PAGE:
Murdoch's £11.7bn Sky bid 'not in the public interest'

Murdoch's £11.7bn Sky bid 'not in the public interest'

Murdoch's £11.7bn Sky bid 'not in the public interest'

Fox has been trying to buy the 61% of Sky that it does not now own.

Britain's competition regulator told Rupert Murdoch his $15 billion (11 billion pounds) takeover of Sky was not in the public interest and would be blocked unless there was a way to prevent the tycoon from influencing the network's news output.

The CMA added the decision was not due to "a lack of genuine commitment to meeting broadcasting standards in the UK".

The CMA said in a statement on Tuesday that it believes the deal would be "against the public interest" because there needs to "be a sufficient plurality of persons with control of the media".

Rupert Murdoch's £11.7bn bid to take full control of Sky has been provisionally blocked by the United Kingdom regulator.

"The Transaction might make it more likely that Sky News and the newspapers owned by News Corp could take a similar approach on specific topics or issues, push certain stories, or downplay others". But the media mogul is a divisive figure in Britain, and a previous bid for Sky was withdrawn amid the hacking scandal that engulfed his British newspaper division.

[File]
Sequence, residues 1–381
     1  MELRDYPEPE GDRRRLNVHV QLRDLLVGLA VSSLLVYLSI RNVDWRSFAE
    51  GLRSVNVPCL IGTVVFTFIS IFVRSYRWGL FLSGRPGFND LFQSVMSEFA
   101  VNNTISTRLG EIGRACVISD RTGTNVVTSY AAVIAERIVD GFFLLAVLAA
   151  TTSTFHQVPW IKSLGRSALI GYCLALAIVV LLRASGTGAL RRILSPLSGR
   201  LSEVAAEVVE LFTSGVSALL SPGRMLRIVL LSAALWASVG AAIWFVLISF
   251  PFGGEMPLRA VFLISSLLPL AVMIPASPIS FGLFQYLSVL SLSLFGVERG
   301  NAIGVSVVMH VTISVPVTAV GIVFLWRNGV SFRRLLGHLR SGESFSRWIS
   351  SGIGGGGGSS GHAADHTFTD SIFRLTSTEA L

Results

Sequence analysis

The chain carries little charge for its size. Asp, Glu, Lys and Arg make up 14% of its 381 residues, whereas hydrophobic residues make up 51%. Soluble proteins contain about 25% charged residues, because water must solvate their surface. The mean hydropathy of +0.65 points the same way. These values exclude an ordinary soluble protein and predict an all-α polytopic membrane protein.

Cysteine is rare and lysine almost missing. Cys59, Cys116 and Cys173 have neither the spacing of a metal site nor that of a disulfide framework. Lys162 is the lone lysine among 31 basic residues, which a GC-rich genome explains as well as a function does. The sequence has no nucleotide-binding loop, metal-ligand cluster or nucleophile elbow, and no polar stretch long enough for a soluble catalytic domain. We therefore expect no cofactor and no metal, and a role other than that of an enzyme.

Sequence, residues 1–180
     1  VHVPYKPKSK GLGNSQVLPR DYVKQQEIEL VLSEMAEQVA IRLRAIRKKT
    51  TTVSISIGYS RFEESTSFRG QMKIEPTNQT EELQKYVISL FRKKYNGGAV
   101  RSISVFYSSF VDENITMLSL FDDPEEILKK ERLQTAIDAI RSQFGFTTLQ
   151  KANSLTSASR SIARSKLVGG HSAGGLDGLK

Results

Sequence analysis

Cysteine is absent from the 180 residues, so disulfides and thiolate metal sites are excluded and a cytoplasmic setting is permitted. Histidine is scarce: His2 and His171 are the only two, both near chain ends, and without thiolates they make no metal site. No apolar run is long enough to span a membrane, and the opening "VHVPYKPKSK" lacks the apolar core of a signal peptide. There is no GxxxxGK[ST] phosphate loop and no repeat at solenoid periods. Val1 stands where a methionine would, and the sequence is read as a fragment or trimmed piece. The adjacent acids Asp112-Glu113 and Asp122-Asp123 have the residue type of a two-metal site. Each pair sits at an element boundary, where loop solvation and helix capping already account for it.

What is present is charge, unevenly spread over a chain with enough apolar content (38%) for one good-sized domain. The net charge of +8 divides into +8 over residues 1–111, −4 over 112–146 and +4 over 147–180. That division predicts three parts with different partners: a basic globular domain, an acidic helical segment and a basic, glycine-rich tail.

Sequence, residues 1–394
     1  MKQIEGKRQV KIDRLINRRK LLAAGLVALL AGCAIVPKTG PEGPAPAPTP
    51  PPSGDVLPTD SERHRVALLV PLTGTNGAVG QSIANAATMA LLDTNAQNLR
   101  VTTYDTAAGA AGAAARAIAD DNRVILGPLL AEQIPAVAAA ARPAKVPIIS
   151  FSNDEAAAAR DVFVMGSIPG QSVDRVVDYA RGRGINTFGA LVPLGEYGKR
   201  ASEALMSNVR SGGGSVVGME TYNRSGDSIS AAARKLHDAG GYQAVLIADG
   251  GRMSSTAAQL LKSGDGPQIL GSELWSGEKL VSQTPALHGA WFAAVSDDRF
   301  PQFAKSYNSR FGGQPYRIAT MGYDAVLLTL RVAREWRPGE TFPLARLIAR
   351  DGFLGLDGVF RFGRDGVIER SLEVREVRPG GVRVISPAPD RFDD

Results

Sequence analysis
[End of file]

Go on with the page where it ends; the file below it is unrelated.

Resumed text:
Fox could now be forced to agree a spin off of Sky News in order to get the Competition and Markets Authority's seal of approval.

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The watchdog has extended the deadline for its final report to May 1 2018, in part due to the "exceptional volume" of submissions over the deal.

"The CMA has provisionally found that if the deal went ahead, as now proposed, it is likely to operate against the public interest".

The CMA also concluded that Fox had a "genuine commitment to broadcasting standards in the UK" and was established in the country.

"Regarding plurality, we are disappointed by the CMA's provisional findings".

It added: "We will continue to engage with the CMA ahead of the publication of its final report in May".

In a statement this morning, CMA said that if the deal went ahead, the MFT would have "too much influence over public opinion and the political agenda".

Anne Lambert, chairwoman of the CMA's independent investigation group, said: 'Media plurality goes to the heart of our democratic process. Disney is hoping to buy the asset from Murdoch at a later date. It is very important that no group or individual should have too much control of our news media or too much power to affect the political agenda.

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